Dennis Hanagan —
Housing will lead the Liberal party’s infrastructure program if they’re elected to Ottawa this October, says Trinity-Spadina MP Adam Vaughan.
The Liberal critic for Housing and Urban Affairs said solving the housing problem will be “the tool” to help solve other social problems. He spoke at a town hall meeting in early March at St. Andrews Church.
Vaughan said Stephen Harper has deepened the housing crisis. He “has managed to create the crisis in public housing but a crisis in the private market as well. That has to be addressed.”
He said the Liberals will tackle the issue of providing affordable housing. But he added that making “housing affordable … is just as critical … Housing affordability, for the middle class, has become an issue.”
He said the CMHC needs re-mandating to manage the housing market. “We have to sustain its presence, sustain its place historically in keeping home ownership alive as a possibility for the majority of Canadians.”
“The only way to deal with the housing crisis in this country is to restore funding programs such as the co-op housing affordability programs, restore those subsidies, renew those agreements while at the same time building out new housing stock,” said Vaughan.
He touted a low-income home ownership program that allows people in affordable housing, who diligently pay their rent for four years, to buy a home based on their credit rating.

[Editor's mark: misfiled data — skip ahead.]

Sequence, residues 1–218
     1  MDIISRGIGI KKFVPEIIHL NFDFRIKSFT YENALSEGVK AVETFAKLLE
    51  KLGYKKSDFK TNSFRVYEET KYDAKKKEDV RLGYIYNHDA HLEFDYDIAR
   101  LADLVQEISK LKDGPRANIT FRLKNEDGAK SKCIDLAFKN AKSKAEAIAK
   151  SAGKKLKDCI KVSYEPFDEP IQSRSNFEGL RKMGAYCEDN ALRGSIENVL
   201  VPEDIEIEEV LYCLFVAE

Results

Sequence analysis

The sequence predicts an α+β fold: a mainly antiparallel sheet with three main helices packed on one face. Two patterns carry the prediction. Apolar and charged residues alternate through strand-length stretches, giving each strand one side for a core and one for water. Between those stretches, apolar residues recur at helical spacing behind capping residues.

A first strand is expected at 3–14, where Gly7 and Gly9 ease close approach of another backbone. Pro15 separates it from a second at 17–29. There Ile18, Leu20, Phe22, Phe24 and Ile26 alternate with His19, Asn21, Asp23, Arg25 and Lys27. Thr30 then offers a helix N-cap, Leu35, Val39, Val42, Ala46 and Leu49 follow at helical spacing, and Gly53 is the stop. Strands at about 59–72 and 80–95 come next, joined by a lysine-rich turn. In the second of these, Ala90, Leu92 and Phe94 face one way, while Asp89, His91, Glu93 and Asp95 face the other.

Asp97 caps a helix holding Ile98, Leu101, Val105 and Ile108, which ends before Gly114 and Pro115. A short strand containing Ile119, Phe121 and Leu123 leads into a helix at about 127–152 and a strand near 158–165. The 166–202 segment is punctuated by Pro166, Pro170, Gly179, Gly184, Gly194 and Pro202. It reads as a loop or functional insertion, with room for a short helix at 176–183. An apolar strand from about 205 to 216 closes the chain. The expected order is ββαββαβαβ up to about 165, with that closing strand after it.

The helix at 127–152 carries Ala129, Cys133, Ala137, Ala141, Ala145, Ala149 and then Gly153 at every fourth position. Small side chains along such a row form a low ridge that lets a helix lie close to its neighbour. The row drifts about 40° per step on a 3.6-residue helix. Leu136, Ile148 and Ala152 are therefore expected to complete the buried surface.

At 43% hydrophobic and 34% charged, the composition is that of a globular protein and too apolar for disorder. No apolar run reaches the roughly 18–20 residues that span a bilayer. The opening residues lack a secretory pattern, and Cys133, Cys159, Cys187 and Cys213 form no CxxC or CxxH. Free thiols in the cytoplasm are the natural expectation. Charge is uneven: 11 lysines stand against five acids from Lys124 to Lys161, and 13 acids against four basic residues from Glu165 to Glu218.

He said the number on Toronto’s waiting list for housing is 92,000. “We have a real significant issue with just getting housing built.” He said the Liberal party’s infrastructure program will be led with housing.
“The most significant housing program this country has ever seen will get us back to the position where people aren’t on waiting lists in this country anymore,” he said.
Many people in need of housing—those with addictions, mental health or disability issues—need support services to go with it, said Vaughan.
“There is a significant group of the population who cannot live in housing, no matter how affordable it is, if they don’t have wrap-around supports,” he said.
“When you take someone with mental health and addiction issues and you house them and you include the cost of housing as part of the analysis you actually end up saving the government $26,000 (annually) per person if you house them and treat their conditions,” said Vaughan.
“If you stabilize someone’s life you can get at the things that have put them on the street or put them in harms way.”
Vaughan also spoke of a Liberal government providing funds to the Federation of Canadian Municipalities to work with cities and third-party providers to set up small “micro-housing” projects across the country.
About the proposed expansion of Billy Bishop Airport Vaughan drew applause when he said a federal Liberal government would not re-open the Tripartite Agreement, essentially putting an end to the proposal.